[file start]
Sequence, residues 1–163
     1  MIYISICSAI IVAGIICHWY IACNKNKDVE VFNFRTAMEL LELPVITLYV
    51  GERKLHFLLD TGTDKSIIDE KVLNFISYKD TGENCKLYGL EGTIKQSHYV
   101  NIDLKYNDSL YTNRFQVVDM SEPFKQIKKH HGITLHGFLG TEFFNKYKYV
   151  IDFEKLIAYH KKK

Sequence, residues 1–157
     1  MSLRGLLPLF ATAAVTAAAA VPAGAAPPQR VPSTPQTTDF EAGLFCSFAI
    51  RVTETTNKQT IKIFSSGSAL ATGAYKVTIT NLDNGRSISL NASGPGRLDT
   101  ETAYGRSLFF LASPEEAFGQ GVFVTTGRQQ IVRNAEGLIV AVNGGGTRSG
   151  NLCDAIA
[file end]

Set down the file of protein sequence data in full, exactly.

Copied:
Sequence, residues 1–163
     1  MIYISICSAI IVAGIICHWY IACNKNKDVE VFNFRTAMEL LELPVITLYV
    51  GERKLHFLLD TGTDKSIIDE KVLNFISYKD TGENCKLYGL EGTIKQSHYV
   101  NIDLKYNDSL YTNRFQVVDM SEPFKQIKKH HGITLHGFLG TEFFNKYKYV
   151  IDFEKLIAYH KKK

Sequence, residues 1–157
     1  MSLRGLLPLF ATAAVTAAAA VPAGAAPPQR VPSTPQTTDF EAGLFCSFAI
    51  RVTETTNKQT IKIFSSGSAL ATGAYKVTIT NLDNGRSISL NASGPGRLDT
   101  ETAYGRSLFF LASPEEAFGQ GVFVTTGRQQ IVRNAEGLIV AVNGGGTRSG
   151  NLCDAIA